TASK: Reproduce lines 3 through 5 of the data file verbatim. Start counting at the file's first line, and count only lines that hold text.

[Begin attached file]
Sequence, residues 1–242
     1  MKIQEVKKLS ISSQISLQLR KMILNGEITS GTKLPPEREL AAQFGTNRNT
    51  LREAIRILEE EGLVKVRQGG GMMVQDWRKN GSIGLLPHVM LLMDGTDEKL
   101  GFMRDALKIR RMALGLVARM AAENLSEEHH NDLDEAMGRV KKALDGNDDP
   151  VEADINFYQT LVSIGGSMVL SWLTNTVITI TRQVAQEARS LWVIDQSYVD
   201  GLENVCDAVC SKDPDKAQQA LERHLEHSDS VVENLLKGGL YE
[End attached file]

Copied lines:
    51  LREAIRILEE EGLVKVRQGG GMMVQDWRKN GSIGLLPHVM LLMDGTDEKL
   101  GFMRDALKIR RMALGLVARM AAENLSEEHH NDLDEAMGRV KKALDGNDDP
   151  VEADINFYQT LVSIGGSMVL SWLTNTVITI TRQVAQEARS LWVIDQSYVD